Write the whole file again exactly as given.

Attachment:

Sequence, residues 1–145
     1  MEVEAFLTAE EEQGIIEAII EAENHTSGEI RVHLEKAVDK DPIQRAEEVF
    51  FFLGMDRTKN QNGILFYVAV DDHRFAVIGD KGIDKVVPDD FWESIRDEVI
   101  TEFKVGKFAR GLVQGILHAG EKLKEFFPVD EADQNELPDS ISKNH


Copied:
Sequence, residues 1–145
     1  MEVEAFLTAE EEQGIIEAII EAENHTSGEI RVHLEKAVDK DPIQRAEEVF
    51  FFLGMDRTKN QNGILFYVAV DDHRFAVIGD KGIDKVVPDD FWESIRDEVI
   101  TEFKVGKFAR GLVQGILHAG EKLKEFFPVD EADQNELPDS ISKNH